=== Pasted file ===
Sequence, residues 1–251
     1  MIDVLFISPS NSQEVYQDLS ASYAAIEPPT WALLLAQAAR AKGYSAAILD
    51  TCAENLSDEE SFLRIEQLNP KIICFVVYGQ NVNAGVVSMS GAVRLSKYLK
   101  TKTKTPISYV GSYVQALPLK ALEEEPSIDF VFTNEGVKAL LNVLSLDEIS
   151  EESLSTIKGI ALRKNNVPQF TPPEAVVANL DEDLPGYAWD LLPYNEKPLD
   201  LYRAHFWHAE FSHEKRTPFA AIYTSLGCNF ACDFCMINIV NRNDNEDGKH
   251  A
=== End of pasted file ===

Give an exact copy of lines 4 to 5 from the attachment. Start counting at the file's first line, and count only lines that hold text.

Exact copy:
   101  TKTKTPISYV GSYVQALPLK ALEEEPSIDF VFTNEGVKAL LNVLSLDEIS
   151  EESLSTIKGI ALRKNNVPQF TPPEAVVANL DEDLPGYAWD LLPYNEKPLD